Grammar Rules on Apostrophe and Possessive Forms
One of the uses of apostrophe or the ‘ sign is to show possession. Apostrophe are usually placed before or after an s at the end of a noun or pronoun to show possession. Below are the simple rules that you should remember in using apostrophe in possessive form.
Apostrophe + s or ‘s is used with singular nouns and plural nouns not ending in s.
Examples: men’s wear, girl’s dress, teacher’s key
For singular nouns ending in s, some writers add ‘ afters (e.g. Chris’ bag) while others add ‘s (e.g. Chris’s bag). Both of them are correct.
For plural nouns, form the plural first and then add ‘ after s.
Examples: girls’ room, students’ records
Note that student’s record means record of one students, while students’ records means records of many students.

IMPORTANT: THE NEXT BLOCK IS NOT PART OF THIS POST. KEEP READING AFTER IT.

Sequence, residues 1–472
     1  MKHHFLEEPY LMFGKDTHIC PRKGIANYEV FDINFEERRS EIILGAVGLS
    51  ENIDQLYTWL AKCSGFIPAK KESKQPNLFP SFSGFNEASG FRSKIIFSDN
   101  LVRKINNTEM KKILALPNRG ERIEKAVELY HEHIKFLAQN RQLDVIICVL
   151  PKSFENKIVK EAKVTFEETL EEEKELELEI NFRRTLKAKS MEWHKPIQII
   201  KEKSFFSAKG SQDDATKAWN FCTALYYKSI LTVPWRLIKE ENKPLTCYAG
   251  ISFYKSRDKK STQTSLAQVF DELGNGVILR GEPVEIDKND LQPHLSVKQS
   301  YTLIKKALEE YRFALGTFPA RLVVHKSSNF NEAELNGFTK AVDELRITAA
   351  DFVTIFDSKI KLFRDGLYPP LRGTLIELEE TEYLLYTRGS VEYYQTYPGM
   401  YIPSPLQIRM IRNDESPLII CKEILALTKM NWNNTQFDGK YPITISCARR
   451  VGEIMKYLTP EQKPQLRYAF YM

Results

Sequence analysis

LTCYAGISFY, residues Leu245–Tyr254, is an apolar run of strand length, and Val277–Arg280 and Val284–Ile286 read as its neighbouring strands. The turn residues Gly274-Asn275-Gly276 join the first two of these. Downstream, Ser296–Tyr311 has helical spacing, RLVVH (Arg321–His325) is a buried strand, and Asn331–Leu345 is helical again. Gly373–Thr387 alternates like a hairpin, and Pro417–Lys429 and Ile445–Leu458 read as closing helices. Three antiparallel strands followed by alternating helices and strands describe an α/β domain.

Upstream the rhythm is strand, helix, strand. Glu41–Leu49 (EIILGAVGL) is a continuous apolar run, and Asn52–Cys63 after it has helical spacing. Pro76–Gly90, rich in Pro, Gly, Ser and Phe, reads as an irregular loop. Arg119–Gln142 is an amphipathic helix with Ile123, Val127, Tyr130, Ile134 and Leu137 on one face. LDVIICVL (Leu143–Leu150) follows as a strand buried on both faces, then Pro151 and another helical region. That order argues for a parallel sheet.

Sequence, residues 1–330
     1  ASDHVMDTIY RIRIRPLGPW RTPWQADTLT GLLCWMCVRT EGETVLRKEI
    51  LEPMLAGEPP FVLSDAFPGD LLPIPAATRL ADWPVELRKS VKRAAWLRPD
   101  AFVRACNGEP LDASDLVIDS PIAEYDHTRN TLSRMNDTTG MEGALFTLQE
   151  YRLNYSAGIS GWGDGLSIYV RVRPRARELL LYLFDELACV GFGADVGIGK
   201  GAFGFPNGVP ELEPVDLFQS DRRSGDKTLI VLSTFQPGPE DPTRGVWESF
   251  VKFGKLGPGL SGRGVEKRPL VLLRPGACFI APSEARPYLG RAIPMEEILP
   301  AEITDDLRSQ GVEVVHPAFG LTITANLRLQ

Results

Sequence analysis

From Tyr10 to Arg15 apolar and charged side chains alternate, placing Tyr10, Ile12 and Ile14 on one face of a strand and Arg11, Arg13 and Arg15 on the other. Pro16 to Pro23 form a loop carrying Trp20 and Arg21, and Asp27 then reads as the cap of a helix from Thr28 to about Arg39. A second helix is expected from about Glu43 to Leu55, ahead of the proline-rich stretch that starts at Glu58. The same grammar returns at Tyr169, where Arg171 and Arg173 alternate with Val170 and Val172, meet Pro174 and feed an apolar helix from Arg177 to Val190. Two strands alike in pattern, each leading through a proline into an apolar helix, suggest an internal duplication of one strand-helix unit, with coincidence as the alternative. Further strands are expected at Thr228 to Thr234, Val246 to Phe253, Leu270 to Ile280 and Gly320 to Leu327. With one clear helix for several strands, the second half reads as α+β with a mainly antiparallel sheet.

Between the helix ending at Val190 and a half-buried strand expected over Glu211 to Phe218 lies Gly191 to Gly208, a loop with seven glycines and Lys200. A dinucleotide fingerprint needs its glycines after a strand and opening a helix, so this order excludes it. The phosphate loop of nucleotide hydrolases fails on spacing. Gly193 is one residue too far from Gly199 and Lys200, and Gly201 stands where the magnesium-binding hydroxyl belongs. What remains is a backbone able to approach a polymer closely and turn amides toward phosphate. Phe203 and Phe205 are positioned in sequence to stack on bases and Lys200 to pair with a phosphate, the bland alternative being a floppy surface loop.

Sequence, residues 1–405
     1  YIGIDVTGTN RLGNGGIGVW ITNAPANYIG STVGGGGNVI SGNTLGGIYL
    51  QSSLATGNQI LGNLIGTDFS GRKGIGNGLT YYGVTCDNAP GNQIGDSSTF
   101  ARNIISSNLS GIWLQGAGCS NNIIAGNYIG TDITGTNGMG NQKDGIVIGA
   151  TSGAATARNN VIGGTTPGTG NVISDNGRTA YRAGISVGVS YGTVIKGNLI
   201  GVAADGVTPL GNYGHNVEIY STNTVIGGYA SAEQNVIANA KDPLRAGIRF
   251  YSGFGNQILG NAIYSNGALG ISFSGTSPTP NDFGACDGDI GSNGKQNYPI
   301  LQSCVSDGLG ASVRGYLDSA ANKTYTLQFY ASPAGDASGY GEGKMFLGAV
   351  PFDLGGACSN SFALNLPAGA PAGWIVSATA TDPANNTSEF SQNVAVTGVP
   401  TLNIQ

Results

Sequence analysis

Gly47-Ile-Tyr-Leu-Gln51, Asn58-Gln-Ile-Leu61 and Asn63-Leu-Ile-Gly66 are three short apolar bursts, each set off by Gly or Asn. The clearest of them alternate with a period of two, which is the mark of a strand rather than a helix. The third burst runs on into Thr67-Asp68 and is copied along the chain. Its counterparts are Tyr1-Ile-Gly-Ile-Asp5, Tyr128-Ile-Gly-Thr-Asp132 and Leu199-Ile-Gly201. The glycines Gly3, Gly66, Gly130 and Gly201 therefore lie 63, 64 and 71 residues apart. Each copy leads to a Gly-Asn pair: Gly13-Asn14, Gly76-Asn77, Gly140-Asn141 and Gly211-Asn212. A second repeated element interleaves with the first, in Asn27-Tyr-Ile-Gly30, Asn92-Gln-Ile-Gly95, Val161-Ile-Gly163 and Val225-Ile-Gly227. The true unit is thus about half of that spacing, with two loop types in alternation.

In compound nouns, the last word takes the ‘s
Example: My sister-in-law’s car
Add ‘s to the last noun to show join possession of an object.
Example: Marie and Jay’s house
Uses of the Possessive Case
1.) The possessive case is chiefly used by people, countries or animals.
Examples: Mutua’s, Kenya’s, the elephant’s tusk e.t.c
2.) It can also be used by planes, ships, trains, cars and other vehicles — though the ‘of’ construction is safer.
Example: the train’s wagon’s (preferably the wagons of the train)
3.) Possessive is also used in time expressions.
Examples: an hour’s drive, tomorrow’s assignment
4. The possessive case is also used in expressions of money + worth
Example: ten pesos’ worth of candy
A few expressions such as ‘a stone’s throw’, ‘a journey’s end’ e.t.c will use the possessive. Nouns in certain occupations can have the possessive without the second noun.
Examples: the chemist’s, the baker’s, the butcher’s e.t.c
In the next post, we will have a quiz on possessive nouns.